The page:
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Monsanto's Bovine Growth Hormones

The dangers and lies that surround one of Monsanto's key products

The Ecologist: The Monsanto Files, October 1998

The classic Monsanto combination of bad science, misleading claims, the silencing and rubbishing of opponents and the hushing-up of problems, is abundantly evident in the case of the corporation's first commercially-available genetically-modified product: bovine growth hormone.

Recombinant Bovine Growth Hormone (rBGH - also known as Bovine Somatotropin, or BST) is a genetically engineered copy of a naturally-occurring hormone produced by cows. The purpose of rBGH is to enable cows to produce more milk than they naturally would. It works by altering gene expression of glucose transporters in the cow's mammary gland, skeletal muscle and omental fat. The gene facilitates the repartitioning of glucose to the mammary gland, which in turn produces more milk.

Cows injected with a daily dose of Monsanto's rBGH - marketed under the brand name Posilac - are generally expected to increase their milk yield by between 10 and 20%. However, the problems and side-effects associated with rBGH are legion. Such are its actual and potential dangers that it is banned in Canada, the European Union and a number of other countries, despite the best efforts of Monsanto to prise open those markets. However, rBGH has been in use in other countries - most notably the USA - for some years. And it is from there that the bad news has been emerging.

Who Benefits?
The US Food and Drug Administration (FDA) declared rBGH officially "safe" in 1993, and Monsanto began selling Posilac to dairy farmers in February of the next year. In the USA there are two obvious benefits of its widespread use: an estimated annual income for Monsanto of between $300 and $500 million, and an estimated 12% increase in the nation's supply of milk. Yet since the 1950s, America's dairies have consistently produced more milk than the nation can consume, the surplus being bought up every year by the Federal Government to prevent the price from plummeting. In the period 1980-85, the US government spent an average of $2.1 billion every year buying surplus milk. No-one in the US needs the extra milk that Posilac can provide.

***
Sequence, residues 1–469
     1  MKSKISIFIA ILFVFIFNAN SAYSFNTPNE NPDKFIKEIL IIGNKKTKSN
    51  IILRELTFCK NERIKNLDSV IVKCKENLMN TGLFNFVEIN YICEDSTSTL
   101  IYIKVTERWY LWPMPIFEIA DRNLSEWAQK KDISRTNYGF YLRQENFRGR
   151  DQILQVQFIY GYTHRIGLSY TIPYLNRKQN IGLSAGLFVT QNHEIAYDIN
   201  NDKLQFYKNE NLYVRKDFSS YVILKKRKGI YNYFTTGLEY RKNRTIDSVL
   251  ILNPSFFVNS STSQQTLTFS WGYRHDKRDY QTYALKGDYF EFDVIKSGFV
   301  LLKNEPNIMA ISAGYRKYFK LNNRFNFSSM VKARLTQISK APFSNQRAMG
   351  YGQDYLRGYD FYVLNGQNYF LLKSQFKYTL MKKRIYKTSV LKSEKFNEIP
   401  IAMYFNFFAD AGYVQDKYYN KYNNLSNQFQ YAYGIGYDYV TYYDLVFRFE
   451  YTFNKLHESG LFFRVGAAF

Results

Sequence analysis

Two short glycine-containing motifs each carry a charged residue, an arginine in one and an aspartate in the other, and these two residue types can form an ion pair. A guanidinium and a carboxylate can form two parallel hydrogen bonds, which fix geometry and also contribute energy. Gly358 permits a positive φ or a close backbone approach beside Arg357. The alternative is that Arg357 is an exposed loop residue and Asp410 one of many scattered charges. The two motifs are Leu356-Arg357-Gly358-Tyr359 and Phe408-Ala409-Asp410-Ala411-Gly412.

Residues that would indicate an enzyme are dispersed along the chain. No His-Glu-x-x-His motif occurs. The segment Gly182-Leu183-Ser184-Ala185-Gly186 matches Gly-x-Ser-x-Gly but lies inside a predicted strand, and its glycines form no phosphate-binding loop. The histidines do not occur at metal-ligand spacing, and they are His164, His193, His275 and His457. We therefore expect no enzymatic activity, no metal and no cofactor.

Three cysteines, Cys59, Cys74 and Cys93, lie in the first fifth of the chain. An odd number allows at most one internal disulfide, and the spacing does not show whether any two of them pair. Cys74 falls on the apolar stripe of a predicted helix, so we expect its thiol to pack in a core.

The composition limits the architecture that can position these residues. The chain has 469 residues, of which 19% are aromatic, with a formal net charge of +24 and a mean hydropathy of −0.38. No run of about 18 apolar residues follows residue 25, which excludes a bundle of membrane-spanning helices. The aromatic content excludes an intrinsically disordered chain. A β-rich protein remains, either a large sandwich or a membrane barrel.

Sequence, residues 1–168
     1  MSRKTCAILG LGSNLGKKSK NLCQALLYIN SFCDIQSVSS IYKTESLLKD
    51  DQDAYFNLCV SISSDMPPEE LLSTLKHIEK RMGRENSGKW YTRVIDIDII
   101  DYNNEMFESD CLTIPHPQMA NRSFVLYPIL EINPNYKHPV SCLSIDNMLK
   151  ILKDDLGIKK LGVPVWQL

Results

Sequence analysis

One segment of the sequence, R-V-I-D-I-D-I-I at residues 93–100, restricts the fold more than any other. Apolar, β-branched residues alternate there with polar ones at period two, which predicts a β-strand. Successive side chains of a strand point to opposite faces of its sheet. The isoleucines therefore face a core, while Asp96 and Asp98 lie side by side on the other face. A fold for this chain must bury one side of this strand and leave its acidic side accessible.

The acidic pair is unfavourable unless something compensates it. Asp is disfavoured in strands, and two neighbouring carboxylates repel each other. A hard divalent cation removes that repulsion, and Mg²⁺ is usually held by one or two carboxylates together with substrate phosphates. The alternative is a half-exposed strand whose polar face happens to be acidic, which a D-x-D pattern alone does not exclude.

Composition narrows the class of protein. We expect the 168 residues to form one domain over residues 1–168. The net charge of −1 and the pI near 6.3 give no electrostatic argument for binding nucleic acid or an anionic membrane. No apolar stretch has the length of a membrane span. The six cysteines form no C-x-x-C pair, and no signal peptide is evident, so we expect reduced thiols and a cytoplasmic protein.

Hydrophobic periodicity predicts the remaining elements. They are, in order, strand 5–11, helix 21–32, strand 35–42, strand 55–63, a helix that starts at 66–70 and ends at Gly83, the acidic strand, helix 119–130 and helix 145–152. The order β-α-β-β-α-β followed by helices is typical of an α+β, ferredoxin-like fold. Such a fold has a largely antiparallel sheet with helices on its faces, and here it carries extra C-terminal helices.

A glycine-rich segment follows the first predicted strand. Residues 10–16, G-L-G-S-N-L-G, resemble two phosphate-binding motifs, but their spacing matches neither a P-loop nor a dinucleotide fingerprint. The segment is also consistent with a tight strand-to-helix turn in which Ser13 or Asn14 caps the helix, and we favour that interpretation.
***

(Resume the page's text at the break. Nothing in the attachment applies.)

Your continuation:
Animal Wrongs
The real beneficiaries of rBGH use in the States have been, unsurprisingly, Monsanto themselves. The losers have included the animals treated with the hormone, and the farmers who own them.

Normally, for about twelve weeks after a cow calves, she produces milk at the expense of her health. The cow loses weight, is infertile and is more susceptible to diseases. Eventually, milk output diminishes and the cow's body begins to recover. By injecting rBGH, a farmer can postpone that recovery for another 8 to 12 weeks, substantially increasing the cow's milk output, but also rendering her more susceptible to disease.

For a comprehensive list of the potential ill-effects of rBGH on cows, one need look no further than the warning label which the US Food and Drugs Administration (FDA) requires Monsanto to include in every shipment of Posilac. The label outlines 21 health problems associated with the use of Posilac, including cystic ovaries, uterine disorders, decrease in gestation length and birth weight of calves, increased twinning rates and retained placentas.